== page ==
Then we tried our hands at observing and coaching. We reported back at subsequent seminars on what worked and what fizzled. Actually learning how to see and listen to what was happening in the classroom was a crucial skill that the participants gained and found important. “Once I learned how to listen actively, I was able to observe the flow of the lecture and identify key moments. The skill of coaching started to focus on, ‘What does he find important, and how can I help him reflect on those issues?’”
Combining reflective practice with skills building. We didn’t need a faculty seminar to know the importance of skills like good listening. Indeed, many of us thought of ourselves as good listeners -- that is, until we did a listening-skills training exercise. We broke into groups of three. Each of us took a turn at being a speaker, a listener, an observer. The listener had to summarize the speaker’s core ideas and feelings. The speaker let the listener know whether he or she had been understood, and if not, they had to try again. The observer then commented on what was happening. We all had to try again: listening was harder than we thought. We all needed more practice and reflection.
We did readings about the traits, skills and techniques of good teachers and coaches. But the central pedagogy was moving in a circle from theory to practice to coaching and mentoring each other -- then re-evaluating the theory or technique and then practicing again. We improved our skills by practicing, observing and questioning each other: When did you ask and when did you tell? What were you thinking when you interrupted that energized conversation? How did you choose whom to call upon today, and why did you allow so and so to talk for so long? That was an interesting learning puzzle you set up in class -- what were you aiming at, and how did you think it up? Let’s discuss some of the tough choices you made when you were grading the last set of papers. What were you balancing?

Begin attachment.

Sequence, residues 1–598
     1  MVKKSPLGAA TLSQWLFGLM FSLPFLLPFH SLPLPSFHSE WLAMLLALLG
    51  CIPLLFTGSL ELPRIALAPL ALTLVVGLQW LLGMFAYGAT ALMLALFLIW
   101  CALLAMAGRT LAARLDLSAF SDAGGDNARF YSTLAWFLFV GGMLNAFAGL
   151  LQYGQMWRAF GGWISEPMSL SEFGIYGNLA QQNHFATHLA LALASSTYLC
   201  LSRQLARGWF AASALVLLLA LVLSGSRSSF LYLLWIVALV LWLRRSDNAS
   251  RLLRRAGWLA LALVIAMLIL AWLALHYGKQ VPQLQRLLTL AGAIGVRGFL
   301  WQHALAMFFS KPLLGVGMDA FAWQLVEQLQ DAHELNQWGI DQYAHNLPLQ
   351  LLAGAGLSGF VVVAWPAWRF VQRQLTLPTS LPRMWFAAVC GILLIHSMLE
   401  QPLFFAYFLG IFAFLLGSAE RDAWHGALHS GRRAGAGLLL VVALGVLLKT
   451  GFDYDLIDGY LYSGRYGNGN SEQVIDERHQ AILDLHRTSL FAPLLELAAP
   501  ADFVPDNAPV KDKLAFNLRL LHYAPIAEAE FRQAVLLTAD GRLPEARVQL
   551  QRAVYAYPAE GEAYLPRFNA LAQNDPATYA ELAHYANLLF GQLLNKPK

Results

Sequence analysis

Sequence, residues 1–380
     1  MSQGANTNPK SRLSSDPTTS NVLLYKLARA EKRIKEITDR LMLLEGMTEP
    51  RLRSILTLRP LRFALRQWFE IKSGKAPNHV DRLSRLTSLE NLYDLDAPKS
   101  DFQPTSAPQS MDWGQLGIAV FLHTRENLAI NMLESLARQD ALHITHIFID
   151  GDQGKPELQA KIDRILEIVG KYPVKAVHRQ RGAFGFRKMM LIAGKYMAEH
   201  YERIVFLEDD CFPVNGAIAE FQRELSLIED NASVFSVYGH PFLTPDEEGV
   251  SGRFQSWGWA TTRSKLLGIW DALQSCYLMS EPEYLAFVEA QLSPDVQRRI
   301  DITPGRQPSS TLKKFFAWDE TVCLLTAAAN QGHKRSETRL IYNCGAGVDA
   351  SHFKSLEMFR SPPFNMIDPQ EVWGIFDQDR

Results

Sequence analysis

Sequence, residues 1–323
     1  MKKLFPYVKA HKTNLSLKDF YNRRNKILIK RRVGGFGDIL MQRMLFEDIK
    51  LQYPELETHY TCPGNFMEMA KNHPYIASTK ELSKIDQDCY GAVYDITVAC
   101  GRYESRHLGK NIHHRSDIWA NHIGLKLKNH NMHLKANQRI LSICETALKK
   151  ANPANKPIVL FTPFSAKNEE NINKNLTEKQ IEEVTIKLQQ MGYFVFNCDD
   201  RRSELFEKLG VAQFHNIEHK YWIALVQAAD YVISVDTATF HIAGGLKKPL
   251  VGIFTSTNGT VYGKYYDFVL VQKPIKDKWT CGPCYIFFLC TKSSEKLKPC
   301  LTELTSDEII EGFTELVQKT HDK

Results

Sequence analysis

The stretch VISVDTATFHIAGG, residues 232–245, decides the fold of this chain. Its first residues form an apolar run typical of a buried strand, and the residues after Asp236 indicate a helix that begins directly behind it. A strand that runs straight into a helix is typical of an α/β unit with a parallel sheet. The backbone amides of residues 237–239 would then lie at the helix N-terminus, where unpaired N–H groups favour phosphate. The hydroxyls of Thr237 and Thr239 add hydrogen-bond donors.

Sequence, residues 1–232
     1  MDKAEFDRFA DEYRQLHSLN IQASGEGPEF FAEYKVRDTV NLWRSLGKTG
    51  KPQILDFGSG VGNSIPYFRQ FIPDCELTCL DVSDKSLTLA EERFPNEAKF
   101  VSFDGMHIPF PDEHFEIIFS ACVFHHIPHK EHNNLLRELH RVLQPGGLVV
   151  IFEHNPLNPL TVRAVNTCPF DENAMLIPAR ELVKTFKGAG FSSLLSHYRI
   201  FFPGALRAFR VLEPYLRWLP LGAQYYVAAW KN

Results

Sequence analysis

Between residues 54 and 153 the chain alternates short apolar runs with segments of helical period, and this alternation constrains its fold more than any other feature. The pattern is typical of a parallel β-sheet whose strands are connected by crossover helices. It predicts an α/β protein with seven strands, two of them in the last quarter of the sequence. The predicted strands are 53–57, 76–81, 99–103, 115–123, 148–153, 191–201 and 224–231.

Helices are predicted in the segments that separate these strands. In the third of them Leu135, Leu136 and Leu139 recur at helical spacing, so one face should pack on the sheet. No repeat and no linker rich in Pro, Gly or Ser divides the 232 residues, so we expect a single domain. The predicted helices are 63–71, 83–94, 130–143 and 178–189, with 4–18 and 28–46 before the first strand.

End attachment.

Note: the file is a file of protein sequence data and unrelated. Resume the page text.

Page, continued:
The synergy between the peer coaching and group seminar discussions became clearer throughout the year. The coaching was vital for improving our teaching. What we observed gave us the grist for an educated dialogue in the seminar on how we learn and teach. And the seminar discussions and exercises fed back into improving our peer coaching and teaching.
Fostering an academic culture that encourages learning about learning should certainly include approaches less labor intensive than our seminar-peer coaching model. Lectures or workshops about teaching methods as well as insider tips can be helpful. But creating a culture that encourages us to continually reflect on and improve our pedagogy -- turning a college into a learning organization -- requires that faculty as well as students find ways to learn from the trial and error of experience. That demands creating a safe, supportive environment where we can observe our teaching practices and learn the skills of reflection, analysis, coaching and mentoring.
We in American higher education can’t just hire brilliant Ph.D.s and expect them to be brilliant teachers. The Faculty Teaching Seminar at Swarthmore is only one approach to help teachers learn the judgment they need to educate their students for judgment. Colleges and universities committed to quality teaching need to explore other ways to institutionalize such reflective practice if the teaching at the heart of a liberal arts education is to be nourished.
Kenneth Sharpe is the William R. Kenan Jr. Professor of Political Science at Swarthmore College and co-author with Barry Schwartz of Practical Wisdom (Riverhead Books, 2010). Elizabeth Bolton is a professor of English Literature at Swarthmore and author of Women, Nationalism, and the Romantic Stage: Theatre and Politics in Britain, 1780-1800 (Cambridge University Press, 2001).